The federal government’s healthcare reform law, the Affordable Care Act (ACA), asks states to expand their Medicaid programs to cover more low-income people. The 2012 U.S. Supreme Court decision upholding the act gave states flexiblity to decide whether to expand their programs.
About half of the states have committed to expanding. Gov. Jan Brewer has developed a proposal to expand the state’s Medicaid program, Arizona Health Care Cost Containment System (AHCCCS), which currently serves about 1.2 million low-income people.
The plan would add nearly 300,000 people, including 240,000 single adult workers whose incomes are 133 percent of the federal poverty level with a maximum annual income of $15,282. This expansion would cost the state $256 million, but Brewer’s proposal allows AHCCCS “to establish, administer, and collect a hospital assessment to cover this cost.”
The federal government would pay $1.5 billion or 100 percent of expansion costs for the next three years; then phase down to 90 percent by 2020.
Businesses in Arizona have rallied to support Brewer’s plan. Mike Hammond, chairman of the Southern Arizona Leadership Council, which represents 118 major employers, noted the reasons to favor the increased coverage in an editorial in the March 22 Arizona Daily Star.
Hammond pointed out that the state’s economy is still in recovery. The Medicaid expansion would bring at least $1.5 billion in additional federal money into Arizona’s economy annually. He also cited an Arizona State University study estimating the additional revenue would add 15,000 jobs, putting more Arizonans back to work.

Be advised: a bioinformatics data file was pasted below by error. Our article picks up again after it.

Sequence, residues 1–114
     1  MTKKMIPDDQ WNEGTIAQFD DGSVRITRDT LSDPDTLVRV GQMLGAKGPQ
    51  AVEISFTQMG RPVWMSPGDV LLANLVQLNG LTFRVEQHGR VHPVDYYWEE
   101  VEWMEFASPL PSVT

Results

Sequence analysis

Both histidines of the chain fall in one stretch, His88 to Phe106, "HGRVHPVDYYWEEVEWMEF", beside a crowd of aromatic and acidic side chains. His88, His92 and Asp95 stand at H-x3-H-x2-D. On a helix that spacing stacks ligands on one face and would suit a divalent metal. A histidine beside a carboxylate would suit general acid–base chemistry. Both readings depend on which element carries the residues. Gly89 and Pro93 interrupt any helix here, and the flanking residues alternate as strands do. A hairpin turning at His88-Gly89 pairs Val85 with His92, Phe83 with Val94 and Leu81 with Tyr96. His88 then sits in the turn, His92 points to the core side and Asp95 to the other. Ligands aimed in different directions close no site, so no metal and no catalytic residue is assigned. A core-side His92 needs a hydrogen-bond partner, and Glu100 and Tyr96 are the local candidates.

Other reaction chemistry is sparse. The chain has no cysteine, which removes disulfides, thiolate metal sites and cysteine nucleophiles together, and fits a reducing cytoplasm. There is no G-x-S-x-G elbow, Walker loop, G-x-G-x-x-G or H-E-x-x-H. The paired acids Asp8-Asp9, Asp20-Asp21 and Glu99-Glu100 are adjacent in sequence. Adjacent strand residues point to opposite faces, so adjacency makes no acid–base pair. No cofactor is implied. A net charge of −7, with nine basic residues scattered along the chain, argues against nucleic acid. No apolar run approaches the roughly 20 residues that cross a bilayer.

By providing additional coverage through AHCCCS, Arizona would be competitive with other states in business recruitment. Healthier employees are more productive and save companies money in the long term.
“Medicaid expansion would keep Arizona’s tax dollars here rather than paying for healthcare programs in other states,” Hammond wrote.
Both Hammond and Arizona’s hospitals point out that the added coverage of low income people will lower health costs for most Arizonans with insurance.
Hospitals provide care for the uninsured in their emergency rooms. Those without health insurance generally wait until they are very sick before they seek treatment, which increases costs. This uncompensated care is added to the bills of those who have insurance.
The result is higher insurance premiums for businesses and individuals who pay for their coverage. According to the Arizona Alliance for Community Health Centers, the average added cost to a family’s private healthcare insurance is $1,700.
In 2012, Arizona hospitals saw a 75 percent increase in uncompensated care over 2011. People who disenrolled from AHCCCS did not leave Arizona, so hospitals are still providing their care. Rural hospitals are in danger of filing for bankruptcy due to this added burden.
Hospitals favor the expansion of Medicaid. In fact, they proposed the surcharge to pay for Arizona’s share of the costs if the legislature approves Governor Brewer’s plan.
Many Arizona legislators are skeptical of this Medicaid expansion. Under ACA, the federal government is to pay a match for the expansion but lawmakers fear Washington, D.C., could renege on future payments because of budget deficits.
Governor Brewer has included a “circuit breaker” in her plan that addresses that last matter. If the federal government were to stop payments, the state would also decrease the number of people covered.
AHCCCS is considered one of the most cost-effective Medicaid programs in the U.S., with “broad choice and greatly reduced fraud and waste. It has greater doctor, hospital, and provider participation than other states and is cheaper per enrollee per year than the average Medicaid program,” according to the Alliance.
The Medicaid expansion would help Arizona businesses and keep our hospitals solvent. All Arizona hospitals have been hit hard financially during the recession because of increased unemployment with subsequent loss of health insurance. The Legislature needs to do what is best for all Arizonans and pass Governor Brewer’s Medicaid plan.
Contact Carol West at firstname.lastname@example.org. West served on the Tucson City Council from 1999-2007 and was a council aide from 1987-1995.